New Zealand are a team who defend with a mid-low block. They mark zonally and press only after opposition backpass or on heavy touch. They maintained a rather wide shape when defending.
New Zealand form two banks of four in defence with wingers dropping back and forming a 4-1-4-1 formation.
They are quite compact and there’s not much space to exploit between the lines. But the wide positioning between players means that there are still gaps to exploit. Especially in central areas.
What could the Netherlands do to anticipate the attack?
When playing against a team who rely mostly on the flanks, it would be smart to create an overload and restrict their spaces out wide, as this tactical analysis shows.
The pictures above were taken from New Zealand’s international friendly game against England recently. In this match, England pressed high and tried to win the ball from as high up the pitch as possible.
Knowing that Sermanni’s team tend to play from wider areas, England women’s coach Phil Neville instructed his side to create an overload when the ball’s on the flanks.
De Oranje Leeuwinnen will profit largely from this strategy if they are to apply it in their upcoming game.
Exploiting the weakness(es)
Both teams have similar tendencies of playing out from the back. Yet, both also have similar vulnerabilities that can be exploited.
Here we can see the Netherlands trying to play out from the back. China blocked high and closed down the ball carrier while marking the passing lane. Bereft of any short passing option and under intense pressure, van Lunteren decided to play it long onto the other flank for slightly minimal risk.
Wiegman’s side didn’t play well under this intense pressure and would often rush forward with a long ball instead of working their way up patiently. Often they would also concede dreadful mistakes in important defensive areas.
A tactical analysis shows that New Zealand are also vulnerable when receiving pressure at the back. In the picture above England were blocking high and man-marking. But they didn’t press the centre-backs. Instead, they’d drive either of the centre-backs to bring the ball wider and then isolate them.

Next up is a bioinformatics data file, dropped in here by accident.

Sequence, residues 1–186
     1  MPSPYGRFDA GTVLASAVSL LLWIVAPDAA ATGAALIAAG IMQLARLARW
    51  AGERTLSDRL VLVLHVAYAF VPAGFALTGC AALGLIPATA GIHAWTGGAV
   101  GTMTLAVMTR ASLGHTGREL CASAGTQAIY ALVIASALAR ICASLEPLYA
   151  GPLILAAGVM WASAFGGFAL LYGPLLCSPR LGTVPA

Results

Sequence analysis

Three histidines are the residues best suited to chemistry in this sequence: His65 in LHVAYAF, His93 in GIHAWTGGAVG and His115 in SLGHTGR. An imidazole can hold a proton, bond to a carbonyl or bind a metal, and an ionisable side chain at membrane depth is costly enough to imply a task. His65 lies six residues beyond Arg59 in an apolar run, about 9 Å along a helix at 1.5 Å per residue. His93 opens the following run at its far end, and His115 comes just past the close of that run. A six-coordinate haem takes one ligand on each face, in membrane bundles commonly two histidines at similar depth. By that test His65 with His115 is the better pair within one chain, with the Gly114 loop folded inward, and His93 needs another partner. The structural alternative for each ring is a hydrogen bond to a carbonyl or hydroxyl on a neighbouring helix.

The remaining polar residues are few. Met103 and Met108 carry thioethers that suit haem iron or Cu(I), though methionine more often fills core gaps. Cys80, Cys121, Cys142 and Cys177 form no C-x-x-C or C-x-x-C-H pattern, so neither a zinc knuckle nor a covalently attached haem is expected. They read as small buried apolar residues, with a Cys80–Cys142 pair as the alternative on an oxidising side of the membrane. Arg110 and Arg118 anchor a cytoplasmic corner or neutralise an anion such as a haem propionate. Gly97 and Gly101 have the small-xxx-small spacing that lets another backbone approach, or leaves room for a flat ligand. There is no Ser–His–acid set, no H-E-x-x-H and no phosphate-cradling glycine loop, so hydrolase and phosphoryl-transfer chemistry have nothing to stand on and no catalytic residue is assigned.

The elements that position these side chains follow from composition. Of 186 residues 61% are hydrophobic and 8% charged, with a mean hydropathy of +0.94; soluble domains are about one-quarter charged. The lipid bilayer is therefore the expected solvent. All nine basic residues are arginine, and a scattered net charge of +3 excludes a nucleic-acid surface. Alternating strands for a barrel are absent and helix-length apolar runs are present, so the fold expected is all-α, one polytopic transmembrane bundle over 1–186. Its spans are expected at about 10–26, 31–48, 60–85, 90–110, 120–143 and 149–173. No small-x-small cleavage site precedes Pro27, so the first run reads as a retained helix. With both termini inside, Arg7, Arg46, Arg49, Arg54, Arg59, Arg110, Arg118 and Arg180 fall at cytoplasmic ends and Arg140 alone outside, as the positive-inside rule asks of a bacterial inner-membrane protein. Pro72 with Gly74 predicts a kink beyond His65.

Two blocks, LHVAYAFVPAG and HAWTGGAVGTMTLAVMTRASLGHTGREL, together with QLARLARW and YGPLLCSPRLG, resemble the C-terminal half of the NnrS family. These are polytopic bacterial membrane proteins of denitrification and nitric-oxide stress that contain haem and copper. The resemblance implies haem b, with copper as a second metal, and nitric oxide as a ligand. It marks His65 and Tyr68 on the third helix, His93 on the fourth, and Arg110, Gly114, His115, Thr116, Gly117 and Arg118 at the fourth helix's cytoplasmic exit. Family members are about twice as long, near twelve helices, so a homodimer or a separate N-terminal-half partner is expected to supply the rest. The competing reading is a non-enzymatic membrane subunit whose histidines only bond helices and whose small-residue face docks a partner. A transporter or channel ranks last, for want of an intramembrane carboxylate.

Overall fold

In this game, England only marked the full-backs and would only press when the ball’s played in wider areas. The England strikers didn’t press the centre-back and seemed to try to cut their central passing options. This left the centre-backs with the option to loft it forward or to dribble the ball themselves to try to exit the pressure.
Most often, the Ferns’ centre-backs tried to bring the ball wider to try to open up some spaces. But as you can see, they often ended up being inside a pressing trap.
The Dutch are in fine form as of late, especially in front of goal. They have notched up three wins, a draw, and a loss from their last five matches. They’ve scored 13 goals while conceding only two in the process.
The Netherlands have collected an average of 3 xG from around 10 chances created per game while managing to convert 2.6 (26%) goals in their last five games. This shows how they are really an outstanding team when it comes to creating chances, but perhaps could be more effective inside the box.
Wiegman’s side tend to play in wider areas. They recorded an average of 37 attacks coming from the right side, 31 from the left, and 22 from the centre. Despite that, stats do show that they are most effective when breaking through centrally with 21% efficiency in attack.
New Zealand, on the flip side, are not very productive in terms of chance creation. With an average of 3 chances created per game, they’ve scored around 0.6 (20%) goals from a 0.4 xG.
Sermanni’s side love to play on the counter. From the last five games, they averaged 11 counter-attacks and only 54 positional attacks. They loved to play on the wings with the right wing being their slightly favoured side. Around 25 attacks come from the right side, 23 come from the left side, and 18 from the centre.
Unlike the Netherlands, New Zealand have a lot more experiences when it comes to playing in the group stage of a Women’s World Cup. Unfortunately, though, the latter have never been able to progress past the group stage.
Their counterparts, on the other hand, have only qualified once prior to this edition. And more impressively, they managed to finish in a quite impressive position having been defeated by the relentless Japanese team in the round of 16.
The Netherlands are no doubt going to be big favourites to come out on top against New Zealand. De Oranje Leeuwinnen have overall superior qualities compared to New Zealand. But unless they’re able to set their play up properly and convert their chances effectively, the Netherlands could face some very difficult periods in their upcoming game.
If you are following the FIFA Women’s World Cup 2019 then you will find our FREE tactical preview magazine the perfect compliment to the tournament. You can download it HERE – each nation is previewed and we also profile their key player and young player to watch. Enjoy!